Use LED driver as a switching power supply for arduino

Hello guys.
I have lots of Constant Current LED Driver like below picture:

I want to use them as a switching power supply, 5volts and 100mA.
Below picture is the IC that has been used in the Driver.

How can I use it as a switching power supply for Arduino.
Very thank you.

How convert a constant current source to constant voltage source.???

That seems difficult and a little "dangerous". What voltage do you measure with no load? How much current is it trying to "push-out"?

Do you understand the implications of [u]Ohm's Law[/u] with a constant current power supply?

It would probably be a good idea to add some over-voltage protection to your Arduino. :wink:

Its not possible with that switcher chip, as it has no capability of stabilising the output voltage so it wont be regulated.

leoncorleone:
How convert a constant current source to constant voltage source.???

By sticking a voltage regulator on its output :wink:

mauried:
Its not possible with that switcher chip, as it has no capability of stabilising the output voltage so it wont be regulated.

Okay.But the chip has a current sense pin and senses the current with a resistor? I have to do something the cs pin senses a constant voltage in different currents . so can I change the resistor with a zener diode. Does it work?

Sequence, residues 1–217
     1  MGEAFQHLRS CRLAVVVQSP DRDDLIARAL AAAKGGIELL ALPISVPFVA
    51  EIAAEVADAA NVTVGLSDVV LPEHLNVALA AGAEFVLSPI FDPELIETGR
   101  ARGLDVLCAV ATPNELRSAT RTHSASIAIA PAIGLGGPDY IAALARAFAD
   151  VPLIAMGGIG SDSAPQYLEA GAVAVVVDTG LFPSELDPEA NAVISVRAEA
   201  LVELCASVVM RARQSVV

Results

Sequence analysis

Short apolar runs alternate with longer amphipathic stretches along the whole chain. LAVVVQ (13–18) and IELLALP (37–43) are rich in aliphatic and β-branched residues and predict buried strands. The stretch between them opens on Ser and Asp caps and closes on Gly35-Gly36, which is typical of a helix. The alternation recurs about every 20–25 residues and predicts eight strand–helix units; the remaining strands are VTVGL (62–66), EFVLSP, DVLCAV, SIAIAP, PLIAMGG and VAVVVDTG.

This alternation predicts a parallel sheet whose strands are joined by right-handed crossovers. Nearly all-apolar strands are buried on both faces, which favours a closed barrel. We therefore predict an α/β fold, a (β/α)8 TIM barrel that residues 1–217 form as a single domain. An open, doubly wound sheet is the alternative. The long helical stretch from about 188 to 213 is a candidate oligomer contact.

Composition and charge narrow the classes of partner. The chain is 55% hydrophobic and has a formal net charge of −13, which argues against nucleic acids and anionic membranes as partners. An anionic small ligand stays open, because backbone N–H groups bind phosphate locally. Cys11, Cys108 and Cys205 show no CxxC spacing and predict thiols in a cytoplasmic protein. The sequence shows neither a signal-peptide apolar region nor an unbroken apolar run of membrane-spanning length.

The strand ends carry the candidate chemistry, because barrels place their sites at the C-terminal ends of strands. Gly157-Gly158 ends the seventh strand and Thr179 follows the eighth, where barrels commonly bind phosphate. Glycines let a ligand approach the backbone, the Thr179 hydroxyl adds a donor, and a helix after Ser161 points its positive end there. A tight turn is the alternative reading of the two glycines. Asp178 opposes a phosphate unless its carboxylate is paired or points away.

thanks

saximus:
By sticking a voltage regulator on its output :wink:

I tried but did not work.

To be constant current that device pulls various tricks involving the nature of the transformer
magnetics / saturation curve, its optimized for driving a string of LEDs, I wouldn't expect it to play nicely for
a different use.

I just need 0.5 watts of its power. The power of driver is about 7 watts, so I do not think the transformer has any problems.

If you attach a string of LEDs, no, it won't have problems, as that is what its designed to manage.
Add some other kind of load, who knows what it will do? Remember its sensing the transformer
primary, which directly reflects the load impedance on the secondary.

The power of driver is about 7 watts

I guess it’s intended to feed 4 to 7 “1W Power Leds” with constant 300 mA and 12 … 21 V.

If the LEDs are fed in parallel to the Arduino, and these white power LEDs are not broken, you will have about 9.x Volts across three of them. This should be ok to go into Vin (and GND) of an Arduino, and will reduce the current through the LEDs only a litte bit.

But if the LEDs are missing or broken, it will hurt your Arduino.
There are devices showing 315 V DC output without load (on 230V AC input).
Guess why there’s a 400V rated capacitor on the output side. No engineer spends 2 ct for nothing.
I wouldn’t do it.